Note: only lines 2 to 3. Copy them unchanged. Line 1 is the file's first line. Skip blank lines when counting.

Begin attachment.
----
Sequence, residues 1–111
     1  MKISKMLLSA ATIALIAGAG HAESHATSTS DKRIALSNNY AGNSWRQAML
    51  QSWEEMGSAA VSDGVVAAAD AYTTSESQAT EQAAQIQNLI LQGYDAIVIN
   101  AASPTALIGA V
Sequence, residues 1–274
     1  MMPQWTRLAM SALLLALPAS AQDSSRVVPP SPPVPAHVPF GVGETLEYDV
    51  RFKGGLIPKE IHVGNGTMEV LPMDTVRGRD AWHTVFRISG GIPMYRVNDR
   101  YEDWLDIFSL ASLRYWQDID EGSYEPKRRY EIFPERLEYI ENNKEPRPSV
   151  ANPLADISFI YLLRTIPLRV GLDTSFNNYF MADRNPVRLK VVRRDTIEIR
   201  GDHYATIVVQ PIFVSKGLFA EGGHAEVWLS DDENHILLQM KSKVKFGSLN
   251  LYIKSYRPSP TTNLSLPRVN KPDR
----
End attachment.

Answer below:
     1  MKISKMLLSA ATIALIAGAG HAESHATSTS DKRIALSNNY AGNSWRQAML
    51  QSWEEMGSAA VSDGVVAAAD AYTTSESQAT EQAAQIQNLI LQGYDAIVIN